Do you really need to bend the norms to sell e-bikes, Specialized? Hardly worth the slander and the reputation of all your brand athletes, don’t you think?
Specialized has apologised after being accused of sexism in its marketing of a limited edition “Playboy” version of its Turbo e-bike, saying that it does not condone the objectification of women and will continue to support women’s cycling.
The bike in question was a collaboration between Specialized and Playboy, and was launched at the Berlin Bike Show last week with models dressed in Playboy bunny outfits in attendance, drawing considerable criticism on social media.
In a statement, Specialized CMO Slate Olson said that the company apologised for its marketing of the bike and will continue to support women’s cycling.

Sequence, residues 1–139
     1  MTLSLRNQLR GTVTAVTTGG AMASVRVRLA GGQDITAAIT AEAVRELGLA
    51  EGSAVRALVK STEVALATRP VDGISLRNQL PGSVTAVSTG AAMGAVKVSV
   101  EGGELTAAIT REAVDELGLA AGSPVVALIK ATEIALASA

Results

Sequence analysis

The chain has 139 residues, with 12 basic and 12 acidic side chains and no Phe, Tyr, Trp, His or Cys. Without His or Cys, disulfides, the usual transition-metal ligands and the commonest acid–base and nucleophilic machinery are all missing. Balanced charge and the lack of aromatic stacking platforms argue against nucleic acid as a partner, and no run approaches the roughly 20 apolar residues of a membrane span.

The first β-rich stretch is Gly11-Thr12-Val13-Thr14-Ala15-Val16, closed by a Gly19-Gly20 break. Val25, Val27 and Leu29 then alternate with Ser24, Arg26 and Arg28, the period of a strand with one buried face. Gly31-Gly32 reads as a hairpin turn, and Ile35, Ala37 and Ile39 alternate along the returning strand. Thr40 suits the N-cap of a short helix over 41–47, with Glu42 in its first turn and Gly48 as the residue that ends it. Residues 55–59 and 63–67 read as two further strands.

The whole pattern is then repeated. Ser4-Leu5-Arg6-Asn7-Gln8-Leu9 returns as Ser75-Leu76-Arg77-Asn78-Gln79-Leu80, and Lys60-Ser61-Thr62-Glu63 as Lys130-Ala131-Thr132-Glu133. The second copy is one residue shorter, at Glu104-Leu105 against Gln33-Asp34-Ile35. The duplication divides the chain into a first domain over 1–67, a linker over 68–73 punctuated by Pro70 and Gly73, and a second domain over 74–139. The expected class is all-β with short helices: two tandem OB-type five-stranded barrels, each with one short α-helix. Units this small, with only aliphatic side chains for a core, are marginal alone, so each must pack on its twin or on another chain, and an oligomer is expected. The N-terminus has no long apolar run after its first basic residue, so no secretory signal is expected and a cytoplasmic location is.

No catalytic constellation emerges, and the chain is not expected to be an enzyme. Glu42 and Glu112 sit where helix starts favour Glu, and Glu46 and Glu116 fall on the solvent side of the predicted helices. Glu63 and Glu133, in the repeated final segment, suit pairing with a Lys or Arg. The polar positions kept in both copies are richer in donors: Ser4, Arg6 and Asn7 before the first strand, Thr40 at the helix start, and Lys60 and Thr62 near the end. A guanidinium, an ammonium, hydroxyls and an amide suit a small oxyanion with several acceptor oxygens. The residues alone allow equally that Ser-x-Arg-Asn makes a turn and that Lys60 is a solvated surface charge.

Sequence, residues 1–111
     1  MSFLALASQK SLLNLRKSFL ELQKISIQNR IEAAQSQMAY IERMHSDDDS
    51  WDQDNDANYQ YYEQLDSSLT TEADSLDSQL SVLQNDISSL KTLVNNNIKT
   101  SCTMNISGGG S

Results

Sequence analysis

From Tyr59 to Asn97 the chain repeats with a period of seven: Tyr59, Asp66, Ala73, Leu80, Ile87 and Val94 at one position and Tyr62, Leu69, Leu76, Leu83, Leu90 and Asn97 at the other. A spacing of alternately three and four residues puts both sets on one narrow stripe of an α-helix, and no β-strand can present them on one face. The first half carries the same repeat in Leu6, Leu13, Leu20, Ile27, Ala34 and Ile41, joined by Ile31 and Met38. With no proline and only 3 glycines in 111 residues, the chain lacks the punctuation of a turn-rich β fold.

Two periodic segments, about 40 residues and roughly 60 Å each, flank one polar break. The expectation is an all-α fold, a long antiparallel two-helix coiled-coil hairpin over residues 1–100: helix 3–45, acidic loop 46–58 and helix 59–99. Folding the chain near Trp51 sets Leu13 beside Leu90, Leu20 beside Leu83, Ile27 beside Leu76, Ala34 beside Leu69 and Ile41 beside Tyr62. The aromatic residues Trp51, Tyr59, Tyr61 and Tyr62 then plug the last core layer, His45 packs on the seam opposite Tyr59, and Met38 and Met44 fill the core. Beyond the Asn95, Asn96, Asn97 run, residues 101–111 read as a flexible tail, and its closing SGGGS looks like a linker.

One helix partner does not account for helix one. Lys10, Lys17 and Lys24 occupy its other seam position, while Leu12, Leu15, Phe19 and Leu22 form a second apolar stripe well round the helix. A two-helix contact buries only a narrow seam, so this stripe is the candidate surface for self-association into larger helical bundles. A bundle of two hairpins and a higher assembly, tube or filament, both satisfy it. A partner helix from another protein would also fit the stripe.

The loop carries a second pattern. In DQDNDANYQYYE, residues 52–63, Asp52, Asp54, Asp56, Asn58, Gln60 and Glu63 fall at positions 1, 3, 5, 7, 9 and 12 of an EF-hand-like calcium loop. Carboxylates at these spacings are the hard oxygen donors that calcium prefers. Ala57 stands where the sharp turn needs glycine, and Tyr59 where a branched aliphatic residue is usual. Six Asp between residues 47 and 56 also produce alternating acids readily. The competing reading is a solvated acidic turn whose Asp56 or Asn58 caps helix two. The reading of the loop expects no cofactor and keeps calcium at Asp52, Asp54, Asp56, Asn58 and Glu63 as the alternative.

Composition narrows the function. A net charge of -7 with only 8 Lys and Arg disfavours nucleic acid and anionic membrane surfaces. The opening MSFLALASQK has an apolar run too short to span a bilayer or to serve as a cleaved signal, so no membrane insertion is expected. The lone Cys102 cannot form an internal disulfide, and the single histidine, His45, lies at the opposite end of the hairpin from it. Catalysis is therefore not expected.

“We apologize for a recent marketing activation which we participated in at the Berlin Bike Show with the Limited Edition Turbo. Specialized stands strong with female riders and we do not support the objectification of women in any way, in any region. In the future we will continue only to build on the great work we have done to promote women and men in cycling.”
The American company has been at the centre of a social media storm over the last few days, as both female and male cyclists took to Twitter to highlight the alleged sexism.
Others called out Specialized on trying to target the women’s market while launching a bike with Playboy bunnies, especially as the launch was taking place just a day before Lizzie Armitstead took a fine victory in the Trofeo Alfredo Binda while riding a Specialized Amira.
Not the first and won’t be last, Colnago was equally guilty of a suggestive photo last year.
Read more at Cycling Weekly